Build Ups to Avoid about 3D Printing and 3D Printers

05 Sep

Build Ups to Avoid about 3D Printing and 3D Printers

3d printing is a most progressive in the field of manufacturing, engineering and other industrials. All the hype around the 3d printer in which we are currently seeing is partially true. Please remember 3d printing is still in its early stage and it is not fit for complete usable product to all categories people around the world.

3d printer hype

 

Here are some common build ups to avoid about 3d printing:

 

  • 3d printer price is very costly and not affordable. You can’t make accurately things possible.

  • CAD 3d modelling techniques are very complex and hard to learn.

  • It will take months and years to learn CAD to design complex 3d structures.

  • 3d printed things which is shown in the news are all not real some of them are much exaggerated and they are not functional actually.

  • You can 3d print organs too and but have doubts whether they are working and really save lives.

  • Most of the personal desktop 3d printers are not reliable and original when comparing to the other electronics in the market.

  • Accuracy, surface quality, strength, and colour of 3d printed samples are not enough for most applications.

  • Post processing refers that there will be more work involvement.

  • Industrial 3d printers are not up to the mark, it is very slow, costlier, portable and not usable enough.

  • Many industrial operations handling processes such as conveyor belts and de powdering of samples have not been applied to 3d printers.

  • 3D Printing in metals is very important in this concept and it is very rare.

  • Material costs are ridiculously high, inhibiting 3D printing development.

  • Much of the analysis coming out by stock and other people about 3D printing is not based on any real understanding of the technology and is quite frankly hilarious.

  • 3D printing is a collection of many different technologies all better or worse at making various things.

  • We are not collectively developing a Star Trek Replicator at the moment. Company A is making a machine to make tea at home, Company B tea in the workplace, Company C is doing coffee etc.

  • Why will everyone have a desktop 3D printer? We don’t all use our own sewing machines to make our own clothes.

  • There is no common parts infrastructure for 3D printer parts. No wide spread motherboard, CPU or case ecosystem.

  • We don’t have a postscript for 3D printing so “your 3D printed files are like a box of chocolates.”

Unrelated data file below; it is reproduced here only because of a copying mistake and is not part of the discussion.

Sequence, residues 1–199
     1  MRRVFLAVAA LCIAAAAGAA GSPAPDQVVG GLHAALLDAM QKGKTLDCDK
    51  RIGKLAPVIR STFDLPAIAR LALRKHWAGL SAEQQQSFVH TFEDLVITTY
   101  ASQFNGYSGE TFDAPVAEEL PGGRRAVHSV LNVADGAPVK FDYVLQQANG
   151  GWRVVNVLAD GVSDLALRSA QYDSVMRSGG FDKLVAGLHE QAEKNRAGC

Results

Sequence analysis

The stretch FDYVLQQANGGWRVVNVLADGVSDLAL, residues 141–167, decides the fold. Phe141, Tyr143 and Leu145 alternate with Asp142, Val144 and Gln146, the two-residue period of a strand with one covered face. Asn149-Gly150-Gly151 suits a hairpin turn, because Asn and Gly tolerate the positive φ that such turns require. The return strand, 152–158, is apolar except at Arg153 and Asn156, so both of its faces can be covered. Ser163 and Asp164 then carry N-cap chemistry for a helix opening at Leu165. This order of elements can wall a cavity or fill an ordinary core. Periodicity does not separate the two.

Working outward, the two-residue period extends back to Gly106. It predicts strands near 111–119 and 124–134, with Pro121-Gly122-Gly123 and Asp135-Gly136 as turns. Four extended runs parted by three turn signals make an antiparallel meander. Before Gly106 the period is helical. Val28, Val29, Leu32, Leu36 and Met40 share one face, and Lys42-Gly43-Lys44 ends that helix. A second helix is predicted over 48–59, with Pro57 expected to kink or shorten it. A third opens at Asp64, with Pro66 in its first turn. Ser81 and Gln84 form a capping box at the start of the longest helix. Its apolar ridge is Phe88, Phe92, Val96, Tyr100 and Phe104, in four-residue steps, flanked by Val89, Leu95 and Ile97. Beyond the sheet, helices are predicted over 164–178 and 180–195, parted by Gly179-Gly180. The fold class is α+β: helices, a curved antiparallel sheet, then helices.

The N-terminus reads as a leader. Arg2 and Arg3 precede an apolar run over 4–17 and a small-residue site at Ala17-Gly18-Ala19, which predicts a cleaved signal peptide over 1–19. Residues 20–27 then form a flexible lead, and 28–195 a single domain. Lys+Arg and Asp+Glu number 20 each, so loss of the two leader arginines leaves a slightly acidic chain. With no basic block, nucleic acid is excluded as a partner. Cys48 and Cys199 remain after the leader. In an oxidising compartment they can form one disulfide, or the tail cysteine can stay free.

• There is no closed loop control on industrial machines or processes which means that your aircraft part is currently also “like a box of chocolates.”

  • Mainstream 3D printing materials such as SLS and SLA degrade due to UV degradation making parts ugly and brittle after a year in the sun.

  • The only 3D printing process that is food safe is ceramics.

  • Many industrial 3D printing materials are proprietary and one has no idea what is in them.

  • 3D printing is developing much slower than you think. Because you’ve been exposed to a lot of technologies in a short time frame it seems as it is going faster than it is.

  • I made a 3D printing presentation in 2008 and only had to change two slides to use it recently. Try that in the internet or mobile world.

  • Of every ten news stories that come out on 3D printing roughly a quarter contain factual errors.

  • Many of the “3D printing organs” stories have not been based on publicly available research but rather are funding requests via the media.

  • Repeatability of 3D printing parts is very low when compared to traditional mass manufacturing technologies.

  • Many nice and shiny 3D printed parts you’ve seen on TV require hours of post-processing to get them to look that way.

  • At the very least, 3D printing Kickstarter projects have been pure fantasy.

  • There are still no functional 3D printed shoes available, despite of what you may have heard.

  • The “3D printing revolution” is a savvy rebranding of a decades old technology through social media and extensive spending on PR.